"Whose rug is she sitting on?" I said. "Pomfret's." "Pomfret is but the bailee of the rug, Alice." "Oh," she cried, "he's going to be a barrister!" "Talking of cats," I said stiffly, "and speaking as counsel of five years' standing " I stopped, for she was on her feet now, facing me, and standing very close, with her hands behind her and a tilted chin, looking into my eyes.

He also wrote this year the preface to a translation of Oedipus Tyrannus, by Thomas Maurice, in Poems and Miscellaneous Pieces. See ante, ii. 272. See ante, ii. 107. See ante, iii. 126. 'Perhaps no composition in our language has been oftener perused than Pomfret's Choice. Johnson's Works, vii. 222.

C. seriously ill. That was all. Mrs. C. could, of course, only mean Mrs. Christopherson. I mused over the message it took hold of my imagination, wrought upon my feelings; and that afternoon I again walked along the interesting street. There was no face at the window. After a little hesitation I decided to call at the house and speak with Pomfret's aunt. It was she who opened the door to me.

"Nay, sir, but I won't pretend to sleep in the house, if Franklin isn't to have a blunderbuss, and I a BAGGONET." "You shall have both, indeed, Mrs. Pomfret; but don't make such a noise, for everybody will hear you." The love of mystery was the only thing which could have conquered Mrs. Pomfret's love of talking.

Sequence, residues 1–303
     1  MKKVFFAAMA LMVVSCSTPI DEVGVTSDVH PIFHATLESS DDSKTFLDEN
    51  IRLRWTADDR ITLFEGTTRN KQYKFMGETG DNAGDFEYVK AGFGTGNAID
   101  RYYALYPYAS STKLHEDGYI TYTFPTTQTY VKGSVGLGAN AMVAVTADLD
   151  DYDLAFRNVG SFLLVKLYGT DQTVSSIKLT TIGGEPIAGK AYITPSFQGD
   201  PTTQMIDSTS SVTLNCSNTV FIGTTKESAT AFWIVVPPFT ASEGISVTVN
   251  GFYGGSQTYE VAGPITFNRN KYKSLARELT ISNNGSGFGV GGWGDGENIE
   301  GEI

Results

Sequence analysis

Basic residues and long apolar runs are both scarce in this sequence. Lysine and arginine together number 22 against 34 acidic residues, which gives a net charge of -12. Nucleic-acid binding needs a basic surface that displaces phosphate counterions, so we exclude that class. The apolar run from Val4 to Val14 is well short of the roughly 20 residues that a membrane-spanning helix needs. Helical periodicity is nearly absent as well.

One unforeseen result of Mrs. Pomfret's arrangement was that the first eleven rows were vacant, with the exception of one old man and five or six schoolboys. Such is the courage of humanity in general!

"Your horses don't frighten," he had said. "No, but I wanted to speak to you, Humphrey," Mrs. Pomfret had replied; "you are becoming so important that nobody ever has a glimpse of you. I wanted to tell you what an interest we take in this splendid thing you are doing." "Well," said Mr. Crewe, "it was a plain duty, and nobody else seemed willing to undertake it." Mrs. Pomfret's eyes had flashed.

"Your horses don't frighten," he had said. "No, but I wanted to speak to you, Humphrey," Mrs. Pomfret had replied; "you are becoming so important that nobody ever has a glimpse of you. I wanted to tell you what an interest we take in this splendid thing you are doing." "Well," said Mr. Crewe, "it was a plain duty, and nobody else seemed willing to undertake it." Mrs. Pomfret's eyes had flashed.

Crewe; "I'll try to come tonight, but I may be stopped again. Here's Waters now." The three people in Mrs. Pomfret's victoria were considerably impressed to see the dignified Waters hurrying down the slope from the house towards them. Mr. Crewe continued to tap the trees, but drew a little nearer the carriage. "If you please, sir," said Waters, "there's a telephone call for you from Newcastle.

Mr. Crewe was a little late. Important matters, he said, had detained him at the last moment, and he particularly enjoined Mrs. Pomfret's butler to listen carefully for the telephone, and twice during lunch it was announced that Mr. Crewe was wanted.

Without ringing the bell Victoria slipped into the hall, for the latch was not caught, and her first impulse was to run up the staircase to her room. But she heard Mrs. Pomfret's voice on the landing above and fled, as to a refuge, into the dark drawing-room, where she stood for a moment motionless, listening for the sound of his sleigh-bells as they fainted on the winter's night.